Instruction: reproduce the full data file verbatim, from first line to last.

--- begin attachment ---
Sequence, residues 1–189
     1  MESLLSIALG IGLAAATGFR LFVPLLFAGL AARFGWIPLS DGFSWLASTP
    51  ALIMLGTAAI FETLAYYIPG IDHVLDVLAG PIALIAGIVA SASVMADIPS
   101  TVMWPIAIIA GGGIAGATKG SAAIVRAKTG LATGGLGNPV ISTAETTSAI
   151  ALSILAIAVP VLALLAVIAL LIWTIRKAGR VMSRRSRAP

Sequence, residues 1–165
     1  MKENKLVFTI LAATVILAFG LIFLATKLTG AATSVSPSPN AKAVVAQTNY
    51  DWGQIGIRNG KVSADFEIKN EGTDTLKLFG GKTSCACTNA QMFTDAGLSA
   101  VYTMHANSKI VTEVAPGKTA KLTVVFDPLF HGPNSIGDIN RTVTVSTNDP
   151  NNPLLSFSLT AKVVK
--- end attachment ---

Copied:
Sequence, residues 1–189
     1  MESLLSIALG IGLAAATGFR LFVPLLFAGL AARFGWIPLS DGFSWLASTP
    51  ALIMLGTAAI FETLAYYIPG IDHVLDVLAG PIALIAGIVA SASVMADIPS
   101  TVMWPIAIIA GGGIAGATKG SAAIVRAKTG LATGGLGNPV ISTAETTSAI
   151  ALSILAIAVP VLALLAVIAL LIWTIRKAGR VMSRRSRAP

Sequence, residues 1–165
     1  MKENKLVFTI LAATVILAFG LIFLATKLTG AATSVSPSPN AKAVVAQTNY
    51  DWGQIGIRNG KVSADFEIKN EGTDTLKLFG GKTSCACTNA QMFTDAGLSA
   101  VYTMHANSKI VTEVAPGKTA KLTVVFDPLF HGPNSIGDIN RTVTVSTNDP
   151  NNPLLSFSLT AKVVK